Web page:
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from Local Attorney, Michael H. Wasserman

Friday, March 28, 2014

FNMA Extends Spring First Look Closing Cost Promo

by Michael H. Wasserman

The spring 3.5% closing cost credit incentive offered on newly listed Fannie Mae “HomePath” properties has been extended for one more month. 
Introduced back in February, the original program applied to offers submitted by March 31st for contracts closing by May 31st.
The deal now applies for offers submitted by April 30 that close by June 30th.
This appears to be a highly popular incentive program. I am working with several clients on FNMA purchases fortunate enough to participate here. These are great opportunities to boost buying power for select Chicago area home and condo purchases.
More information available from FNMA here

Tuesday, March 25, 2014

EVERYTHING OLD IS NEW AGAIN: Return of the Sub-Prime Loan

The mortgage industry is poised to start making sub-prime mortgage loans again. CNN Money reports that several smaller lenders are now offering loan products to borrowers with credit scores of 640 and lower. Last month, Wells announced it would offer FHA guaranteed loans to borrowers with credit scores as low as 600. Now Carrington Mortgage (a firm I have not seen funding Chicago area home mortgages) has announced it will lend to consumers with credit scores as low as 540.

In fact National Mortgage News reports that the average minimum FICO score for the 15 lenders with the lowest minimums in fourth quarter 2013 was 571, down from 599 one year ago.

Lenders are aiming principally at two market segments - young first time home buyers and former owners who were wiped out in the market collapse. Why? two forces seem to be driving the softening of the lending standards: A shrinking pool of new loan applications and rising costs associated with adaptation of the new QM (qualified mortgage) regulations. In other words, some lenders adapting to the standards imposed so that they would underwrite loans more stringently want to cover their costs by making loans to lesser qualified borrowers!

VA & FHA backed loans will still allow for very low downpayments, but in the private markets, borrowers should expect to pay interest rates as high as  8-10%  and have down payments of 25-30% of the purchase price.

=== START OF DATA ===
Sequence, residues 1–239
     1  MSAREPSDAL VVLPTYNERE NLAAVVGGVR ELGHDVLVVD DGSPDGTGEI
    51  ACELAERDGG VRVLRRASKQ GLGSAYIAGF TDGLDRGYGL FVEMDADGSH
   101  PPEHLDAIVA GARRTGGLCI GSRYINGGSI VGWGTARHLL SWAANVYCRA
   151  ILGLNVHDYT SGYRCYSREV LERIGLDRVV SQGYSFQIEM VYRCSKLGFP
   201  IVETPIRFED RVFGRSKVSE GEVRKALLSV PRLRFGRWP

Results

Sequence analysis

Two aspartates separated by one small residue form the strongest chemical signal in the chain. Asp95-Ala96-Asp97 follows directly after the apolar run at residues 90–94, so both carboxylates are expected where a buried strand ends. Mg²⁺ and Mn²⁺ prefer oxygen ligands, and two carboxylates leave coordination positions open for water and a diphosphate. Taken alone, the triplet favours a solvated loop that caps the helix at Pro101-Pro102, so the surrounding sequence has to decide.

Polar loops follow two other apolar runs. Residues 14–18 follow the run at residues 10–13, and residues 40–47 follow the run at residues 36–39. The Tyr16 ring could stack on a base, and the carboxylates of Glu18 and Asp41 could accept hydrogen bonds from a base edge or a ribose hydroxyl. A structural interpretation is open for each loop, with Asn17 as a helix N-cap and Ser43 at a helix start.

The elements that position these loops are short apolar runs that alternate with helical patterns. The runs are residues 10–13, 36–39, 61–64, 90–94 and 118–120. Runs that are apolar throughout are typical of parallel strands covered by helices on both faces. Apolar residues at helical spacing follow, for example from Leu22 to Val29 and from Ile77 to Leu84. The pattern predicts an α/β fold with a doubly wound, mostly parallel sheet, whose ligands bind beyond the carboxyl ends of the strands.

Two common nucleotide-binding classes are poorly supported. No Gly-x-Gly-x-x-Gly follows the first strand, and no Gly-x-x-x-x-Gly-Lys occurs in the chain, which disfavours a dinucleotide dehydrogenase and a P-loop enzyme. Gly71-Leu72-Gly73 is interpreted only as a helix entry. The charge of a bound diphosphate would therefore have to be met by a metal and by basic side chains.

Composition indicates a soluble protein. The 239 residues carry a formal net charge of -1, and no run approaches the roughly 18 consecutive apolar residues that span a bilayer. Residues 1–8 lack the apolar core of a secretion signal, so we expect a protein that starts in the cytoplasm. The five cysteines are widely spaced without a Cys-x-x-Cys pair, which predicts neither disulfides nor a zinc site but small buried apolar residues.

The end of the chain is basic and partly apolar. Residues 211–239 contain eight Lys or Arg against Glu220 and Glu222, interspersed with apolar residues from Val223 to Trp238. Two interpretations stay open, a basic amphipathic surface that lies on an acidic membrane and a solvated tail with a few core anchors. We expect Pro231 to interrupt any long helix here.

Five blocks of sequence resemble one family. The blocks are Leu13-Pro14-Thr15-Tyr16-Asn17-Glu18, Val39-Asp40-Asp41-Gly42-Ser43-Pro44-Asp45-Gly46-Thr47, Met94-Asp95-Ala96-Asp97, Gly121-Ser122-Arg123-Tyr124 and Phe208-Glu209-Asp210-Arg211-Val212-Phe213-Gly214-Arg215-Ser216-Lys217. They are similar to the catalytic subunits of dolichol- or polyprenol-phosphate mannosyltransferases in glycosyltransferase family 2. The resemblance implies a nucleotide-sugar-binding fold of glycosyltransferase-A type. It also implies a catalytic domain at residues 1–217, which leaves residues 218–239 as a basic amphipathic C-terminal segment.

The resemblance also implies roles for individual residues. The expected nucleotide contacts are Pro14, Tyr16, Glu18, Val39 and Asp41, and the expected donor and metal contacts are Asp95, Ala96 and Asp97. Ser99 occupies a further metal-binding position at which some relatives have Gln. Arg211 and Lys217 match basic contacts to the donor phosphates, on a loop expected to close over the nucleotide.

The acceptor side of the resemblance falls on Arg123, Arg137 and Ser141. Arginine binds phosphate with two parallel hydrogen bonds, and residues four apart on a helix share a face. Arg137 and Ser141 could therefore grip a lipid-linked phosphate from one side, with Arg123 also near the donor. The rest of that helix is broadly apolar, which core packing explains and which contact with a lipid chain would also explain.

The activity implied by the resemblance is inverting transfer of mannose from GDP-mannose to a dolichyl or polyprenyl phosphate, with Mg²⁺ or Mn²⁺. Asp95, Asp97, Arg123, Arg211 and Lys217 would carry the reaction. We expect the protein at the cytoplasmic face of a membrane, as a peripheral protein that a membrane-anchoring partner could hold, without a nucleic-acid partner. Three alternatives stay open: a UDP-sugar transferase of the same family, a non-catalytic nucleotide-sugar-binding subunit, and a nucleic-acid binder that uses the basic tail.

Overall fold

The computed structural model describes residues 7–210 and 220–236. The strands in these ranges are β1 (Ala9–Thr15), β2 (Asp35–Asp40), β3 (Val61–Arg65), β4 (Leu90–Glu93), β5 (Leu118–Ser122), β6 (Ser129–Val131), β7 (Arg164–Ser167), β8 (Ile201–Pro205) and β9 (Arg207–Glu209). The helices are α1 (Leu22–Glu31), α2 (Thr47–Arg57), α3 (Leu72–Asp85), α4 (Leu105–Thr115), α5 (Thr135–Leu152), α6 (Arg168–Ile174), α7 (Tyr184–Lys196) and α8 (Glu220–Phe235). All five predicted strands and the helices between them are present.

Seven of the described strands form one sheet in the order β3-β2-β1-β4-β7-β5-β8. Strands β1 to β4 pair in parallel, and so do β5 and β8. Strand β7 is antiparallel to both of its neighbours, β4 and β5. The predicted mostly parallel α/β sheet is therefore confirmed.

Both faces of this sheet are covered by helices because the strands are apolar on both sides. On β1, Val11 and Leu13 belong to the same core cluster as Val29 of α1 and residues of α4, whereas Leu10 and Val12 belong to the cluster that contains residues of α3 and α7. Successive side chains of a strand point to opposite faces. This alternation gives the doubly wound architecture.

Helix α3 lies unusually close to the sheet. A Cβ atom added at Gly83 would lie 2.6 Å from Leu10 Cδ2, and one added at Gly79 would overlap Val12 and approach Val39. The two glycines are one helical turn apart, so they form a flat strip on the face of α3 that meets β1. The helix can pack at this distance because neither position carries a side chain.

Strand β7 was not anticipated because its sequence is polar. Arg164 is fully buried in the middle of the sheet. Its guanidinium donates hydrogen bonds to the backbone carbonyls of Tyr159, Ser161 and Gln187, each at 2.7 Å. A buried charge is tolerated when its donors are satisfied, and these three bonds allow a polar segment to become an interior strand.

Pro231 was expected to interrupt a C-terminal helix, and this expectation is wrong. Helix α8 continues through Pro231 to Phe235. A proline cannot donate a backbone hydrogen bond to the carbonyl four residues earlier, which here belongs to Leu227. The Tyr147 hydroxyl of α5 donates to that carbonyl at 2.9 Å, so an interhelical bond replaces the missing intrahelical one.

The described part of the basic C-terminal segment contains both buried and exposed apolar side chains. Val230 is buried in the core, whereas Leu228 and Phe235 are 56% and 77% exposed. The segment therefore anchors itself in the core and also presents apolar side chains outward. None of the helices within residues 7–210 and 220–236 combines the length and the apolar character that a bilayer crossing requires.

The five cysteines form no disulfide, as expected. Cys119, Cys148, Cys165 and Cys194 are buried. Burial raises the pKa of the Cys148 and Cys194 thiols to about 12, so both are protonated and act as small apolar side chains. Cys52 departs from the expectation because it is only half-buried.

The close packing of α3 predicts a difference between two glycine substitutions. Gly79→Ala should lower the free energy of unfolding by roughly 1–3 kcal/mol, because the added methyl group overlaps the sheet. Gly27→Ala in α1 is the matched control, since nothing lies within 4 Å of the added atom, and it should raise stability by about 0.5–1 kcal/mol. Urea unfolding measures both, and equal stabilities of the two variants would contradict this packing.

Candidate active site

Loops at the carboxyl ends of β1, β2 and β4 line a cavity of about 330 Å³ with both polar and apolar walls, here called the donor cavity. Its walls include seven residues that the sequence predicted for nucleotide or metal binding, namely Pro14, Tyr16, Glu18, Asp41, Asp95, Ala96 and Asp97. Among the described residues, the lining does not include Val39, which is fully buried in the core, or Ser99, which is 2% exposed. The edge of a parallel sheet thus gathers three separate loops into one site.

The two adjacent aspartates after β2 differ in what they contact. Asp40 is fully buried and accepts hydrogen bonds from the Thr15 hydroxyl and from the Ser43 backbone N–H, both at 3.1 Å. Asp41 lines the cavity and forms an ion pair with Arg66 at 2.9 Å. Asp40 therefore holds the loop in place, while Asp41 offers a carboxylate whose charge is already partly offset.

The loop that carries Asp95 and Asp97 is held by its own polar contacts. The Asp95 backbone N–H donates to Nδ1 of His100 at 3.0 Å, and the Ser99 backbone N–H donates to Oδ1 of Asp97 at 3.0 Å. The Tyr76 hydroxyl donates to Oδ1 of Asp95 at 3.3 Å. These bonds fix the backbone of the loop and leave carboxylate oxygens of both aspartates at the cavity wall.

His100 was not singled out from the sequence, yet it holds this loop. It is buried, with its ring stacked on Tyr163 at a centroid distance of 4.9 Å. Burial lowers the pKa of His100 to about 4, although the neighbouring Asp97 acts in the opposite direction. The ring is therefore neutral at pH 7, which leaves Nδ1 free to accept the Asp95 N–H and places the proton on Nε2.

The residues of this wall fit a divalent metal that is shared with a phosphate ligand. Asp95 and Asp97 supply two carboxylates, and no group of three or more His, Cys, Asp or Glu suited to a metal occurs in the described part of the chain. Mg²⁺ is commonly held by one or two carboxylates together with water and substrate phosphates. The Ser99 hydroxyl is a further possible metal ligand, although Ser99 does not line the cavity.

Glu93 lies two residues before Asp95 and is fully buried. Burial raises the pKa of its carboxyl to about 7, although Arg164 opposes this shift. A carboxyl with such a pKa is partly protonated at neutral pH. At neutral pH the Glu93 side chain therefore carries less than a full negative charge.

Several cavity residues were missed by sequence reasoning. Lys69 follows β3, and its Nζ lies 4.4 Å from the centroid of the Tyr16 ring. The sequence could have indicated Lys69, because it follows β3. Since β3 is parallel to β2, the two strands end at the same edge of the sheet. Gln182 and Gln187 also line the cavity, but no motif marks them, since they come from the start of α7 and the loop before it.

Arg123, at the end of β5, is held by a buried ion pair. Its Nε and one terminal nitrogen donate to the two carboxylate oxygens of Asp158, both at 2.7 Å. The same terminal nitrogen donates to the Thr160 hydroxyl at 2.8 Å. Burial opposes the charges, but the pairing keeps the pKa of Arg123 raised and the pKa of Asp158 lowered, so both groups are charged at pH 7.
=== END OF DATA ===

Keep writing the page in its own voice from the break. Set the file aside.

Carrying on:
Sunday, March 9, 2014

Say it Ain't So: Low (No) Down Payment Real Estate Investing Making a Comeback ?

by Michael H. Wasserman

Apparently, we have learned nothing over the last 8 years. Folks are actually starting to tout no and low down payment loans again. Worse yet, many consumers seem ready to follow their suggestions.

Back before the bubble burst, the markets were giddy with buyers purchasing homes and investment properties with no (or next to no) down payments. Conventional wisdom at that time held that property values could only go. up. Huge equity gains were inevitable. Profits would flow to anyone smart enough to buy a home - even more so for those who bought without actually paying anything out of pocket.

Then the market collapsed in 2007 and the fallacy of that theory became painfully apparent. Property values plummeted. Owners went from no equity to negative equity. Severely. HELOCS were frozen or worse yet, called due by lenders. Properties became unsalable - sellers could not afford to pay out the shortages. You remember, don't you?

The after-effects from all of the resulting delinquencies, defaults and foreclosures are still with us. Thousands of families displaced by the loss of their homes. Countless others still cannot move, or have become "accidental" landlords renting out properties they cannot sell, owing more to their mortgage lenders than their homes are worth. Many have sold short. Some lenders forgave that debt, triggering huge income tax liabilities for borrowers. Others sold their homes but still retain repayment obligations (deficiencies) to their lenders. Many, many have - or will - file for bankruptcy too.

Things are getting better to be sure, but I still see more than my share of short sales, REOs, and sellers forced to write checks at their closings to cover their sales. As optimistic as I am for the spring and summer markets before us, no reason to believe that the distress sales are now all behind us. Would anyone who lived through this once buy a no down payment home again?